If oil demand continues to recover, the OPEC+ members might even consider increasing production quotas beginning in April or May. Another reason to do so might be the recent events happening in the United States.

The U.S. has been the major troublemaker in the world oil market since 2012. For the most part, the U.S. is responsible for the 2014-2016 and Oct. 2018 crises. This is not because there is some convoluted plan plotted by the American energy sector; the reason is the inconsistency and spontaneity of the U.S. market amid abundant financial and other resources. At the same time, the American market is always the first one getting hit by the crises it starts. This time, it suffered not from financial shocks but relatively moderate weather changes (by Russian standards). Freezing conditions (-20 Celsius) in the largest oil-producing state paralyzed the energy sector, running water, sewage system, oil and gas production and the work of refinery companies.

U.S. media sources have stated that the “polar vortex” in Texas led to the decline of oil production by 3.5-4 million barrels per day. The United States Department of Energy is reporting more moderate numbers — 1.3 million barrels per day. No one has announced the rate of oil production decline in the last week of February yet. There might be surprises. So far, we can only note that the volumes of crude oil delivered to American refineries have dropped by 2.7 million barrels per day.

In January, crude oil imports in the United States were at 5.9 million barrels per day on average (the highest number since July 2020). At the same time, exports of “black gold” from the United States were at 3.1 million barrels per day. Considering this, we can think of yet another failure in American oil production as a positive event for the members of the OPEC+ agreement and the world oil market in general. This is especially true in terms of selling oil surplus (even though the influence of demand fluctuations in the U.S. on the world oil market is yet to be analyzed). According to the United States Energy Information Administration, the expected length of the recovery period for the affected market players is still unclear.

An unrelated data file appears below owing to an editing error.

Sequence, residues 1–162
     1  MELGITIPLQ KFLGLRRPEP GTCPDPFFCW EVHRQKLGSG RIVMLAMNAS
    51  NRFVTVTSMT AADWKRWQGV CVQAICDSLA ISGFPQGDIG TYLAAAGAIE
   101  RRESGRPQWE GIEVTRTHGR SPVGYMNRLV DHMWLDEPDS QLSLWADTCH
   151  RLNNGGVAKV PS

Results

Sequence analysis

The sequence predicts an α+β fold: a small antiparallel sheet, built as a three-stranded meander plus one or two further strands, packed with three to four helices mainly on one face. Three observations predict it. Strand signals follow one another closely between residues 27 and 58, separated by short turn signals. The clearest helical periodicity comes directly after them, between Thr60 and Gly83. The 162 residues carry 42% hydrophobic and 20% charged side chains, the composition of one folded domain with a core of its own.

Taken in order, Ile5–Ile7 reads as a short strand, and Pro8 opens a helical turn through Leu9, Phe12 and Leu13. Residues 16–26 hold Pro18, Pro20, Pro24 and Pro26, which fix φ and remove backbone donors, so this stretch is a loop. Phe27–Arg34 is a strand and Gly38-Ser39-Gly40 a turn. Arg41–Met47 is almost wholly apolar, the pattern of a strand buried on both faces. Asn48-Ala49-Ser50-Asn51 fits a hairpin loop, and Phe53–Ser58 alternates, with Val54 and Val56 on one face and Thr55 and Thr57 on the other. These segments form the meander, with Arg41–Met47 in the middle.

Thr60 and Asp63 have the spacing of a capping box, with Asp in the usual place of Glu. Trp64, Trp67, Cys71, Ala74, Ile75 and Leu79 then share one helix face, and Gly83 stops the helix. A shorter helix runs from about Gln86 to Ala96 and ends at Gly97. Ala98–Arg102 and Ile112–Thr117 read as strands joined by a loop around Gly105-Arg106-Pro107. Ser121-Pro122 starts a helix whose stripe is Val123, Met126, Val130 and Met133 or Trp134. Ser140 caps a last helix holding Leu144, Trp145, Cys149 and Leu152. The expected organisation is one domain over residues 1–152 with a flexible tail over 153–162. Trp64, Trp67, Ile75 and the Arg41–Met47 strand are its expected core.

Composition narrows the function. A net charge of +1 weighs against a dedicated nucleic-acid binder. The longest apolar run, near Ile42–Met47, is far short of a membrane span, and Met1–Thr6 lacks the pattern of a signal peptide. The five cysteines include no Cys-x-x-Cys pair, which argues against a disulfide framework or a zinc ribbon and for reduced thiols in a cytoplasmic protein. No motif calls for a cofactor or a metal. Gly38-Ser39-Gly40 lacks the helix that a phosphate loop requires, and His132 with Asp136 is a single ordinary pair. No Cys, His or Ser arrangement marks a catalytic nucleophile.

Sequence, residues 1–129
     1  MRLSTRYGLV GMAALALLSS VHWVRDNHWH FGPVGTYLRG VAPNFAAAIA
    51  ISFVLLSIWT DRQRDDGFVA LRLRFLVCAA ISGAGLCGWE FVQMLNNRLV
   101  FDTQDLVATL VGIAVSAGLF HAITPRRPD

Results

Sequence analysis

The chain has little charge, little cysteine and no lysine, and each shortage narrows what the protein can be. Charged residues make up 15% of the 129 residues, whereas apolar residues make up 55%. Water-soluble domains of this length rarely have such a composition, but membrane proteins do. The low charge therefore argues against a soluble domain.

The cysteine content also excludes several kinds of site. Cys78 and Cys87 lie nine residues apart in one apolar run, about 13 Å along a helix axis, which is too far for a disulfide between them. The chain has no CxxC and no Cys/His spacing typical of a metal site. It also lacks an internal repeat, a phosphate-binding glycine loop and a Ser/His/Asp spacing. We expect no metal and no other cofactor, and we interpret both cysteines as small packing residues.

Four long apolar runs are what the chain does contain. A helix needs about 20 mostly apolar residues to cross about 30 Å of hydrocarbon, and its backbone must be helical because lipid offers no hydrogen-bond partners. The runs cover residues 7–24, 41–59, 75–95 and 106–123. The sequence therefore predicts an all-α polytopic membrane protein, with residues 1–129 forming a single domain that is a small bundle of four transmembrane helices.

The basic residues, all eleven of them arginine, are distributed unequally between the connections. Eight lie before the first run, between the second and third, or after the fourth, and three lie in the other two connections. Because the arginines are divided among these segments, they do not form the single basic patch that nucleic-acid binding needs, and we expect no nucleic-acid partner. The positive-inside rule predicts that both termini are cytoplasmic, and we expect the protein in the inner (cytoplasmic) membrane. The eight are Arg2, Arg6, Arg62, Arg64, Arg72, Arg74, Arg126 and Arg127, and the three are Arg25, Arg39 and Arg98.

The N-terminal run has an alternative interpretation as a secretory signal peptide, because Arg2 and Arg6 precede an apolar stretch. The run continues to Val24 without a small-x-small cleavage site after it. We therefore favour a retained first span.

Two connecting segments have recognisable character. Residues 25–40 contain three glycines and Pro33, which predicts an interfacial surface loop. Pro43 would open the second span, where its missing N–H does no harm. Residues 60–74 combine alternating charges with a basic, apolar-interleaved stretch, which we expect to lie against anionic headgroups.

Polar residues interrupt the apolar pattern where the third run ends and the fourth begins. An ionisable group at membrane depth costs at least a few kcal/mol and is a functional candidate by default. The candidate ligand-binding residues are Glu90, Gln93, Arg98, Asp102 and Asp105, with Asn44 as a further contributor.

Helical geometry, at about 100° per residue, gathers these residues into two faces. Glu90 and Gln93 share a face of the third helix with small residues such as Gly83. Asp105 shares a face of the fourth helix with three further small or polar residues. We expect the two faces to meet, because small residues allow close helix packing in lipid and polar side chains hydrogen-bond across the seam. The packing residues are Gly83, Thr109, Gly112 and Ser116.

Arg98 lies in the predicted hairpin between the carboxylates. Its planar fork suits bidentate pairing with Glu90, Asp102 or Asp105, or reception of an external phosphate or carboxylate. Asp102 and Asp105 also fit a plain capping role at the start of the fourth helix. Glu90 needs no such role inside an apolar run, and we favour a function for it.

Currently, OPEC forecasts that in 2021, the world oil demand will increase by 5.8 million barrels per day (up to 96.1 million barrels per day). Of course, forecasts usually change every month; yet on the whole, the cartel expects the demand to return to its 2016-2017 levels.

Furthermore, the dynamic of world economic development looks quite promising. Obviously, with some countries (India, for example), we cannot ignore the fact that their economy is recovering from the sharp economic slowdown of last year. Yet, we can also look at China, which in 2020 managed to somehow increase its GDP by 2.3% and is expecting further growth by 6.9-7.4% in 2021.

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About Iana Shchetinskaia 57 Articles
Iana Shchetinskaia studies History with a focus on U.S.-Russian relations. She teaches at a university and a language school in Moscow, Russia. She holds a Master of International Studies degree from North Carolina State University where she studied on a Fulbright scholarship. She is passionate about promoting mutual understanding among countries and communities and considers it a privilege to be a part of WatchingAmerica.